Little brother, big inspiration

The Davis family celebrates Deaf Awareness Month in September and hopes others do too.


Maya Ortiz

Max Davis, 10, and Rhian Davis, 12, have a special bond. Despite being the oldest, Rhian has always looked up to her brother.

Rhian Davis, Staff Writer

My‌ ‌mom’s‌ ‌favorite‌ ‌video‌ ‌of‌ ‌all‌ ‌time‌ ‌is‌ ‌the‌ ‌video‌ ‌of‌ ‌my brother’s cochlear ‌implant‌ ‌being‌ ‌activated‌ ‌for‌ ‌the‌ ‌first‌ ‌time.‌ ‌Tiny‌ ‌Max,‌ ‌sitting‌ ‌in‌ ‌a‌ ‌chair‌ ‌and‌ ‌chewing‌ ‌on‌ ‌a‌ ‌toy.‌ ‌His‌ ‌eyes‌ ‌go‌ ‌wide‌ ‌and‌ ‌his‌ ‌face‌ ‌lights‌ ‌up‌ ‌as‌ ‌he‌ ‌hears‌ ‌my‌ ‌mom’s‌ ‌voice‌ ‌for‌ ‌the‌ ‌first‌ ‌time.‌ ‌I‌ ‌think‌ ‌she‌ ‌cries‌ ‌every‌ ‌time‌ ‌she‌ ‌watches‌ ‌it;‌ ‌and‌,‌ honestly,‌ ‌I‌ ‌don’t‌ ‌blame‌ ‌her.‌ ‌

Contributed by Rhian Davis

‌Max ‌is‌ ‌probably‌ ‌the‌ ‌strongest‌ ‌person‌ ‌I‌ ‌know.‌ ‌Born‌ ‌at‌ ‌just 25‌ ‌weeks‌,‌ ‌he‌ ‌has‌ ‌always‌ ‌been‌ ‌a‌ ‌fighter.‌ ‌Max‌ ‌was‌ ‌in‌ ‌the‌ ‌NICU‌ ‌for‌ ‌eight‌ ‌months‌. When‌ ‌he‌ ‌was‌ ‌released,‌ ‌he‌ ‌was‌ ‌on‌ ‌ oxygen‌ ‌for‌ ‌another‌ ‌year.‌ ‌He‌ ‌was‌ ‌born‌ ‌deaf‌ ‌and‌ ‌he‌ ‌has‌ ‌cerebral‌ ‌palsy.‌ ‌He‌ ‌faces‌ ‌challenges‌ ‌every‌ ‌single‌ ‌day‌ ‌of‌ ‌his‌ ‌life‌; ‌and‌ ‌even‌ ‌though‌ ‌he‌ ‌is‌ ‌younger‌ ‌than‌ ‌me,‌ ‌I‌ ‌look‌ ‌up‌ ‌to‌ ‌him.‌ ‌

Max‌ ‌and‌ ‌I‌ ‌are‌ ‌11‌ ‌months‌ ‌apart‌ ‌so‌ ‌we‌ ‌have‌ ‌a‌ ‌pretty‌ ‌good‌ ‌relationship.‌ ‌He‌ ‌gets‌ ‌on‌ ‌my‌ ‌nerves‌ ‌at‌ ‌times,‌ ‌and‌ ‌I’m‌ ‌sure‌ ‌I‌ ‌get‌ ‌on‌ ‌his. At‌ ‌the‌ ‌end‌ ‌of‌ ‌the‌ ‌day,‌ ‌we‌ ‌would‌ ‌do‌ ‌anything‌ ‌for‌ ‌each‌ ‌other.‌ ‌

Growing‌ ‌up,‌ ‌the‌ ‌idea‌ ‌that‌ ‌Max‌ ‌was‌ ‌“different”‌ ‌never‌ ‌crossed‌ ‌my‌ ‌mind.‌ ‌He‌ ‌was‌ ‌my‌ ‌brother‌ ‌and‌ ‌that‌ ‌was‌ ‌all‌ ‌that‌ ‌mattered.‌ ‌ ‌

My parents didn’t want Max to miss out on anything because of his deafness. They believed that cochlear implants were the best choice for him especially because of the other challenges he might face due to his cerebral palsy.

A cochlear implant is an electronic device that is placed in the cochlea through surgery. The device allows deaf people to hear by stimulating the cochlear nerve. All cochlear implants have both internal and external parts. Max is implanted in both ears. He got his first implant when he was 11 months old and his second one when he was 6.

Max‌ ‌can‌ ‌hear‌ ‌everything‌ ‌when‌ ‌he‌ ‌has‌ ‌his‌ ‌implants‌ ‌on.‌ ‌We‌ ‌call‌ ‌them‌ ‌his‌ ‌ears‌ ‌because‌ ‌Max and I couldn’t comprehend the words “cochlear implants” when we were little.‌ ‌Max‌ ‌loves‌ ‌his‌ ‌ears‌ ‌and‌ ‌he‌ ‌only‌ ‌really‌ ‌takes‌ ‌them‌ ‌off‌ ‌when‌ ‌he’s‌ ‌sleeping.‌ ‌When‌ ‌I‌ ‌was‌ ‌younger,‌ ‌I‌ ‌remember‌ ‌being‌ ‌jealous‌ ‌that‌ ‌he‌ ‌had‌ ‌the‌ ‌ability‌ ‌to‌ ‌do‌ ‌that‌. ‌(Honestly‌, ‌I‌ ‌still‌ ‌am).‌ ‌ ‌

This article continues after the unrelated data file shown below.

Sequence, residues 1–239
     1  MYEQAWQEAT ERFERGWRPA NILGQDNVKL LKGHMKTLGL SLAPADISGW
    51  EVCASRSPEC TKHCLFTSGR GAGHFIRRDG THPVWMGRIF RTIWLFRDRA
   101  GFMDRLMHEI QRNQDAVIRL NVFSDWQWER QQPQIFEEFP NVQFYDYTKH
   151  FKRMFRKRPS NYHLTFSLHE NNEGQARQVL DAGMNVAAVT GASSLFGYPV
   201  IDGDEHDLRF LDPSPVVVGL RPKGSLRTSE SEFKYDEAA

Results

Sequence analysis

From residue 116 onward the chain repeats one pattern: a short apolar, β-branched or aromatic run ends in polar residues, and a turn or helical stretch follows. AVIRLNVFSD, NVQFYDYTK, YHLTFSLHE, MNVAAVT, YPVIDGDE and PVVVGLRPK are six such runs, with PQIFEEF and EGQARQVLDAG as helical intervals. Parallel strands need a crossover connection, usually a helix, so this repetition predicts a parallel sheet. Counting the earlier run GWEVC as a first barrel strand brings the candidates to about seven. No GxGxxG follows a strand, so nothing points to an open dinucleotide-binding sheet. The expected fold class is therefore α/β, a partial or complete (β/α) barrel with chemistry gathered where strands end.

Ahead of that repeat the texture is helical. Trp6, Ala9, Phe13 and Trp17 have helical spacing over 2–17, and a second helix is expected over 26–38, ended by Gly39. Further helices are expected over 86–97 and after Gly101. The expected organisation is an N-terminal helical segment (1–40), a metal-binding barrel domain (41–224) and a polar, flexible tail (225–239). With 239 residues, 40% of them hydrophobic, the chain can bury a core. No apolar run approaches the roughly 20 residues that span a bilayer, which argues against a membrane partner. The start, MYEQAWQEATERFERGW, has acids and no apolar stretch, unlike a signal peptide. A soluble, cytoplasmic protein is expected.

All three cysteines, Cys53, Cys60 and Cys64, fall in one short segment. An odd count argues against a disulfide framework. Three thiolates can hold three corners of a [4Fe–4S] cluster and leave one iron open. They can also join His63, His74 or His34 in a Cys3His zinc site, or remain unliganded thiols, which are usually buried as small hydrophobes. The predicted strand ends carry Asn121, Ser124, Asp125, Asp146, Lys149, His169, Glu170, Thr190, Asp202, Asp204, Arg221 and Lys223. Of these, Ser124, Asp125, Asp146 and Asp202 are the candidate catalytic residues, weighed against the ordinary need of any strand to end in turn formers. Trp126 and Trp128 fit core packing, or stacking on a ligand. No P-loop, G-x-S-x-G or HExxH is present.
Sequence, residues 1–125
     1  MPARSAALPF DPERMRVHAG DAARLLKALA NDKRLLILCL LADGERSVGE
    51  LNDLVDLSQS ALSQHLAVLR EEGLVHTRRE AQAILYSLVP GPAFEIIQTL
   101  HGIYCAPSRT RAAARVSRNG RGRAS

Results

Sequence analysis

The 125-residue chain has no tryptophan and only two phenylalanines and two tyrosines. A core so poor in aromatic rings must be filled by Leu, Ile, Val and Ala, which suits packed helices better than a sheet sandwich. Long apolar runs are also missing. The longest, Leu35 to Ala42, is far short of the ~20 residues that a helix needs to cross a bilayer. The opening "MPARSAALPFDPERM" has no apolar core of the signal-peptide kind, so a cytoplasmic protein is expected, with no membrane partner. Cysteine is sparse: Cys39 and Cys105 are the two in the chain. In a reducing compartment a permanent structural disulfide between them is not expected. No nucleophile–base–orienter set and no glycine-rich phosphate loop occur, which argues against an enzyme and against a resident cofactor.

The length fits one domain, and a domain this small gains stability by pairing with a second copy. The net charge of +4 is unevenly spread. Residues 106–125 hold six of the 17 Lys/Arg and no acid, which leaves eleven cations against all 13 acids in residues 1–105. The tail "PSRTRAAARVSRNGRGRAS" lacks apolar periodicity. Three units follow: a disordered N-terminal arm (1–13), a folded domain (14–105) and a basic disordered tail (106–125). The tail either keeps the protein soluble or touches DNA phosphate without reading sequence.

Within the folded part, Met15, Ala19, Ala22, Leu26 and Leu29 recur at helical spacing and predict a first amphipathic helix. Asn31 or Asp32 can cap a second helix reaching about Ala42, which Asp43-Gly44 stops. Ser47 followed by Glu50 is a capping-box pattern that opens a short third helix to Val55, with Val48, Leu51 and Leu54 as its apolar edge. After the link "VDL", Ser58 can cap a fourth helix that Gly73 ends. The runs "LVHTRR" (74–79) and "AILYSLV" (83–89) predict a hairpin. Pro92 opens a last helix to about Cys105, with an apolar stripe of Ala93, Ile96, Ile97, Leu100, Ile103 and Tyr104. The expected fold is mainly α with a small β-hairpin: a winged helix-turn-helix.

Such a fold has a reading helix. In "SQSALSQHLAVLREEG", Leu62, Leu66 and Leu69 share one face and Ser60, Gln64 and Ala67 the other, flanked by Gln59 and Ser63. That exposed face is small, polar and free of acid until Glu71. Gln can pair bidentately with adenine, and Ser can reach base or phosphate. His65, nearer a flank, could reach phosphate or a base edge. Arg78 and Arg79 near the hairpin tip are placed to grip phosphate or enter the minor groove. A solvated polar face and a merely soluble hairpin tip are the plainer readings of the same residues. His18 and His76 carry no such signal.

He‌ ‌faces‌ ‌challenges‌ ‌every‌ ‌single‌ ‌day‌ ‌of‌ ‌his‌ ‌life‌; ‌and‌ ‌even‌ ‌though‌ ‌he‌ ‌is‌ ‌younger‌ ‌than‌ ‌me,‌ ‌I‌ ‌look‌ ‌up‌ ‌to‌ ‌him.‌ ‌

— Rhian Davis

‌Our‌ ‌family‌ ‌isn’t‌ ‌your‌ ‌typical‌ ‌deaf‌ ‌family.‌ ‌We aren’t fluent in ASL,‌ ‌we‌ ‌don’t‌ ‌know‌ ‌many‌ ‌people‌ ‌in‌ ‌the‌ ‌community,‌ ‌and‌ ‌Max‌ is ‌implanted.‌ We wanted to get more involved in the community and Max had the urge to meet more people like him. In 2017, my mom discovered a camp for implanted children and their families. The camp was located in Estes Park, Colorado. We were all so excited to go.

The camp was incredible. People from all over the United States attended the camp, so it was really fun to meet so many new people. Max bonded with other implanted kids, my parents bonded with other parents who had endured the same struggles, and I bonded with other siblings. It was such a great experience and we made friendships that have lasted years.

While we attended the camp for Max, I was incredibly impacted by it. Being able to talk to siblings of deaf kids was amazing because we all had common experiences. I was impacted most by the camp volunteers. All of the younger volunteers were either deaf or studying audiology in college. I had the chance to talk to a few of them about audiology and I was immediately hooked.

Before cochlear camp, I never really knew what I wanted to do with my life. After being immersed in deaf culture for a week, I knew I wanted to be able to help people like my brother and like all of the people we met. I wanted to be an audiologist. Audiology has now been my dream for a few years now, and I’m excited to continue working towards it.

I am so proud of my brother and every single thing that he has accomplished. The deaf community is so beautiful and Deaf Awareness Month is something that is so important. I believe that people should get involved in any way they can. Engage with people in the community, educate others, learn a bit of ASL and celebrate.